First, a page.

1. What is overtime?
Overtime is all hours worked by an employee for the University over 40 hours in a workweek (or above the FLSA-approved standard for police and certain hospital employees). Hours worked in a workweek will include only hours actually worked.
2. Do hours paid but not worked count toward overtime?
No. Only actual hours worked count toward computing overtime.
Paid time off hours are paid at the straight-time wage but do not count toward hours worked when calculating overtime. Paid time off includes, but is not limited to, holidays, winter break, funeral leave, legal proceedings, voting, etc. For example, if an employee takes 8 hours of paid time off on Monday and works 36 hours the remainder of the week, the employee will receive 44 hours of straight pay but no overtime.
3. Does work performed on a holiday count toward overtime?
Yes. Per University policy, regular staff members required to work on a holiday will receive one- and one-half times their straight-time wage rate for hours worked on an official University holiday. In addition, in a work week where the employee works more than 40 hours, the hours worked on the holiday will also count toward calculating weekly overtime pay.
4. Is shift differential paid on overtime work?
Yes, if the overtime hours are eligible for shift differential. Additionally, an overtime shift differential rate must be paid on those hours.
5. Does on-call/standby pay count toward overtime?
No. Per policy HR 212, an employee receives one- and one-half hours of straight-time pay for each eight (8) hours of on-call/standby. (Note: Employees of MU Health Care will be paid a flat rate per hour of call). The one- and one-half hour of pay is not actual hours worked but instead is additional pay for being available in the event the department must call the employee into work. It is not actual hours worked; therefore, it does not count toward overtime. For example, if an employee works 40 hours Monday through Friday and is on-call/standby eight hours each of those days, the employee will receive 47.5 hours of straight pay but no overtime.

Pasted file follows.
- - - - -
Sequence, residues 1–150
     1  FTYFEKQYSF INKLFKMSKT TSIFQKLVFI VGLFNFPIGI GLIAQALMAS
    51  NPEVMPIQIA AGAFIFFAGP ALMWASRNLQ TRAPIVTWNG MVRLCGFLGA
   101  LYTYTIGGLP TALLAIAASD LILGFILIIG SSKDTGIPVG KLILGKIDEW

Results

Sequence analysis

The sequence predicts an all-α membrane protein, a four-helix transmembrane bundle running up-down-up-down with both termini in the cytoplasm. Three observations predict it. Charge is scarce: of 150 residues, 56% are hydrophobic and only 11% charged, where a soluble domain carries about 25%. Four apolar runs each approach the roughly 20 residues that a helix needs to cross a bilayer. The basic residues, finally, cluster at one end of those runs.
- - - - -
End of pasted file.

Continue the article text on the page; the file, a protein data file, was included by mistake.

6. Does call pay count toward overtime?
Per policy HR 212, an employee who is called into work when they have not been scheduled will be given a minimum of 3 hours work or a minimum of 3 hours pay if they are given less than 3 hours of work. Any hours actually worked will count toward overtime. Hours paid to reach the 3-hour minimum actually which are not worked will not count toward overtime.
7. Can a manager alter an employee’s schedule to either limit or require more than 40 hours work per week?
Yes. Managers have responsibility for employee work schedules and have the discretion to change work schedules. Changes in work schedules should be communicated to the employee as far in advance as practical.
8. If an employee works over 40 hours in a work week, can they receive comp time in lieu of pay?
Yes, if the department is authorized to grant comp time off and the employee has supervisory approval to take comp time in lieu of overtime pay. Note: MU Health Care (Hospitals and Clinics) is a separate organizational unit for purposes of this policy and thus does not offer comp time in lieu of pay.
Compensatory Time (Comp Time)
9. What is compensatory time?
Compensatory Time, also known as “Comp Time”, is time off instead of overtime payment. Eligible employees may receive 1 ½ hours of time off for each overtime hour worked in a workweek. For example, if an employee works 50 hours from Sunday through Saturday, they may earn 15 hours comp time (10*1.5=15).
10. May a supervisor deny an employee’s time off request if the employee intends to use comp time earned?
An employee who has requested the use of earned comp time shall be permitted to use such time within a reasonable period after making the request unless doing so would unduly disrupt operations. Several factors may be considered, including the employee’s normal work schedule, anticipated peak workloads, emergency requirements, availability of substitute staff, and the universities’ ability to provide sufficient quality and quantity of services.